ddn Online

The Blog of Drug Discovery News

Earning your way

According to Dow Jones Newswires, Eli Lilly & Co. is now basing employee bonuses partly on advances in its drug research pipeline, a change that the company disclosed in a filing Friday with the Securities and Exchange Commission recently. In other pay-related news, the company also said the value of total compensation for CEO John Lechleiter went down to $16.5 million for 2010, a 21 percent drop from his 2009 pay. (Reportedly, this was at Lechleiter’s request, made for the second year in a row, due to Lilly’s business challenges.)

Lilly sees the experimental drug pipeline as its key to growth, as well it should considering it’s a Big Pharma company. And this is clearly a move in line with that notion, to encourage advancement toward market approval of its potential therapeutics. Reportedly, most Lilly employees are eligible for cash bonuses, and a smaller pool (including managers) are also eligible to receive equity-based bonuses.

Previously, Lilly’s employee cash bonuses were based primarily on how Lilly’s financial performance measured up against competitors. Now, in addition to the research-based element, cash bonuses will be based on whether Lilly meets internal goals for financial performance, and the peer-group comparison will be dropped.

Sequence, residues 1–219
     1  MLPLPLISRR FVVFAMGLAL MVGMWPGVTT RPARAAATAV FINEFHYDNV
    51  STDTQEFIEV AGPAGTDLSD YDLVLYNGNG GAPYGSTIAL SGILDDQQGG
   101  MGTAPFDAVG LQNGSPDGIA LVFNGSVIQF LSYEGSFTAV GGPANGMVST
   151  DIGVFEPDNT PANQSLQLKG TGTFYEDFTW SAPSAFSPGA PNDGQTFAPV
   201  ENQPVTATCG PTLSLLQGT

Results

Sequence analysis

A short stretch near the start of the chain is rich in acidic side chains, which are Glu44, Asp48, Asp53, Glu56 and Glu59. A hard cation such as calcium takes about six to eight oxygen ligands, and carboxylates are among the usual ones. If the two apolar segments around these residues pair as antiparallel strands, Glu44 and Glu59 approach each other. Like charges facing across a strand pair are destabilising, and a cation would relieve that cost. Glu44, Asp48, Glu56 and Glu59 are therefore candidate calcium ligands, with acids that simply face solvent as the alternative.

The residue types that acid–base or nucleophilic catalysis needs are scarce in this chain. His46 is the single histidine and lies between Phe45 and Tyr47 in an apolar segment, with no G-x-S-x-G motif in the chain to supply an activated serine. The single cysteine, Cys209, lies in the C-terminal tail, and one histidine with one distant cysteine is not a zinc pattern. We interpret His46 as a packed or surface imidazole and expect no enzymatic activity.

It will be interested to see in the coming years (assuming results are visible before I exit the business of covering pharma and biotech news) how well this plays out and how effective it will be.

But it is an intriguing way of not only encouraging people to get workable products out there, but no doubt to also encourage them to stay with the company in a more long-run fashion.

The news also put me in mind of the GSK R&D Day in Boston that I attended in late 2010. Much of the talk from GSK execs of various types to us media folks was about new ways to do discovery and development, with unique corporate-academic partnership structures, risk-sharing deals with up-and-coming biotechs and other such innovations.

Clearly, the big boys and girls of pharma are not only recognizing that things have changed, but are trying to morph themselves in accordance with those changes. It’s good to see that companies that have traditionally been too keen on remaining…well, traditional…are trying to move outside the normal boxes.

Question is, will their efforts work? I hope it’s not too little, too late and instead will be a “Just in time” set of solutions.

February 7, 2011 Posted by | Corporate | Leave a comment